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Facebook to hire 3000 extra staff to review crime videos

11 May 2017

Facebook CEO Mark Zuckerberg said that the company will hire another 3,000 people to review videos of crime and suicides following murders shown live.

The employees will be added over the next year and will be responsible for reviewing the "millions of reports [Facebook] get [s] every week".

The company will also work with law enforcement and local community groups to help people who may harm themselves, or those who are in danger.

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In a statement published to Facebook on Wednesday, Zuckerberg says it is "heartbreaking" to see videos streamed or posted to the platform showing users "hurting themselves or others". And last week, a man in Thailand used Facebook Live to broadcast himself killing his 11-month-old daughter before committing suicide. Facebook also uses artificial intelligence in order to find objectionable content.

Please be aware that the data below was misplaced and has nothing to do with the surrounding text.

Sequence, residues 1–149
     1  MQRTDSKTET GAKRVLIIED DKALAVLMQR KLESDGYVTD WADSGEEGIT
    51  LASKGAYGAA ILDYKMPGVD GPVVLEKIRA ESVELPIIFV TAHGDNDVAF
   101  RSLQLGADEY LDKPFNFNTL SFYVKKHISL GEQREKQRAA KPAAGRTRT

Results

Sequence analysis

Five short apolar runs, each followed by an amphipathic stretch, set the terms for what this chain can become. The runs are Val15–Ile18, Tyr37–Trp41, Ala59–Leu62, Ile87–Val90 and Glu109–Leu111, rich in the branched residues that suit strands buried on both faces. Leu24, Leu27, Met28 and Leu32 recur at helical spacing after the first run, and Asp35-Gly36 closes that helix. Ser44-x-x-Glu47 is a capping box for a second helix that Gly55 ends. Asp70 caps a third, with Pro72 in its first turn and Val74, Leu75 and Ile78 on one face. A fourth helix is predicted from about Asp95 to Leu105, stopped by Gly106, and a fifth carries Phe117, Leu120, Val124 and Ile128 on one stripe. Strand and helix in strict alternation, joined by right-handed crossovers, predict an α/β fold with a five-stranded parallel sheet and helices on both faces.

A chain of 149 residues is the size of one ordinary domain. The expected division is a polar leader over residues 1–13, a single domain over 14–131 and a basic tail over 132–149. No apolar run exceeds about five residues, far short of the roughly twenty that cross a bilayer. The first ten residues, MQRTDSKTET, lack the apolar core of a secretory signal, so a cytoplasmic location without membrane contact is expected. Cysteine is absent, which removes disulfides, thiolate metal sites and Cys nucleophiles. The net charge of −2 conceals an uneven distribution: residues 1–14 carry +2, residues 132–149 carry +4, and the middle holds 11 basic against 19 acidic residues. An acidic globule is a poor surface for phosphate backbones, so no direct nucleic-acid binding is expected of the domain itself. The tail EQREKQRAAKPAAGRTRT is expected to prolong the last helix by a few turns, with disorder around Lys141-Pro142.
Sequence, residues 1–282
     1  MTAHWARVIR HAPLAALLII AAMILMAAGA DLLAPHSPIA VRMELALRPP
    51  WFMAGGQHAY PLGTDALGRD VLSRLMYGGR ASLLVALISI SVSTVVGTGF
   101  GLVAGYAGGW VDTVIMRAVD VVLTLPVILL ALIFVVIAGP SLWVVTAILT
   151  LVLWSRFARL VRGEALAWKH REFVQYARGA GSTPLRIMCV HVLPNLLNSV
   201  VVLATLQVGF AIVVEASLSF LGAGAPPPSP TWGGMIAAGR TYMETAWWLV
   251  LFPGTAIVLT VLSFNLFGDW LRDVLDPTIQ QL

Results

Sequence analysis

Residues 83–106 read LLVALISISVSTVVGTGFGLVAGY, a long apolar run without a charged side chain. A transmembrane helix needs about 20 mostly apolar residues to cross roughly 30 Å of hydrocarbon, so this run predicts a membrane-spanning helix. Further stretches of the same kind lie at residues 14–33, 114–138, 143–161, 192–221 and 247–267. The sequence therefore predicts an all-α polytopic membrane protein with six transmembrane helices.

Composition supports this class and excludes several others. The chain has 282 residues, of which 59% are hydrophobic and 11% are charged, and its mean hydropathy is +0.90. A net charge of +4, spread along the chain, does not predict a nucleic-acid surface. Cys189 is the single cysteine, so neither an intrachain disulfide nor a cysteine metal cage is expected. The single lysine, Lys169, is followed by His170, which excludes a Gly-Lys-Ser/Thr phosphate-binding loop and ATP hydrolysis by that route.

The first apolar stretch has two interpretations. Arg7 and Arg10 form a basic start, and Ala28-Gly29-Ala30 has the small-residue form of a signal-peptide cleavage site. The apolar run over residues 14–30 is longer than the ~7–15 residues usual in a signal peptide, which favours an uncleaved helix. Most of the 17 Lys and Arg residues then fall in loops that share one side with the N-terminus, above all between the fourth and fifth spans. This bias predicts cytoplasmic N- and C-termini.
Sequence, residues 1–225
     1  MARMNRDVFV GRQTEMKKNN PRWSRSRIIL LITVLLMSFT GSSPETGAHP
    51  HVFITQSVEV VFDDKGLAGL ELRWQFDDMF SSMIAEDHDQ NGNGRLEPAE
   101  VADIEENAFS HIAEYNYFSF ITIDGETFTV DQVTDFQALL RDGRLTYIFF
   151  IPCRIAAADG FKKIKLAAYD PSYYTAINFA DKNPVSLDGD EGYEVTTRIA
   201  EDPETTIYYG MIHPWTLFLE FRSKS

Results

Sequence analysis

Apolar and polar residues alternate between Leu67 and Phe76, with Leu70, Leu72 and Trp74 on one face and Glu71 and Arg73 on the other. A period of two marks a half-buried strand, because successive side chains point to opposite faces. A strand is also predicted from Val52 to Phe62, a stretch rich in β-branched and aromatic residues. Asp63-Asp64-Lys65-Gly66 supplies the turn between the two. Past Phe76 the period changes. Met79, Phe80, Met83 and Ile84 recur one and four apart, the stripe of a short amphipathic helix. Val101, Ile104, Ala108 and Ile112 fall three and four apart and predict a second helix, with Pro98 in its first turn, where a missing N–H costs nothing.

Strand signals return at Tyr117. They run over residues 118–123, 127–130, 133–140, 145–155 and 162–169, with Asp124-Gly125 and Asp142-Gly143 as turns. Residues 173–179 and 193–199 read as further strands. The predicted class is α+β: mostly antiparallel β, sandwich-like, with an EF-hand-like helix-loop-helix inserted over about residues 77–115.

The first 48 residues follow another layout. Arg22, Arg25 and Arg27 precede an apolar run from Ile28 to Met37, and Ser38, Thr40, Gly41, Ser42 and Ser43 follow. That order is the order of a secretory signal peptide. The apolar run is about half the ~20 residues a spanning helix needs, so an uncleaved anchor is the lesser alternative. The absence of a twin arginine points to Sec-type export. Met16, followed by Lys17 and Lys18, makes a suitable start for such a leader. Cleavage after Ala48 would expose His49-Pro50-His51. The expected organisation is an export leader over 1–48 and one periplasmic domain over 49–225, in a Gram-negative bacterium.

On Facebook, a video, picture or any other piece of content reaches the review team after it is reported by users for flouting its "community guidelines".

"Half the time it's, 'Oh no, Facebook didn't take something down, and we think that's bad; they should have taken it down, ' " Stanford University law professor Daphne Keller told NPR's Laura Sydell last month.

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"If we're going to build a safe community, we need to respond quickly", Zuckerberg said in the Facebook post.

He continued, "If we're going to build a safe community, we need to respond quickly". However, Zuckerberg added, "in other cases, we weren't so fortunate". In the previous week, a U.S. citizen shot himself while streaming through live video chat. It will also make it faster for reviewers to determine which posts violate the company's standards and easier to contact law enforcement if someone needs help. The company said it did not receive a report about the video until an hour and 45 minutes after it was posted. "As these become available they should help make our community safer", Zuckerberg added.

On Easter Sunday, a Cleveland man killed a 74-year-old retiree at random, and posted the slaying on Facebook.

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The hiring spree is an acknowledgment by Facebook that, at least for now, it needs more than automated software to improve monitoring of posts.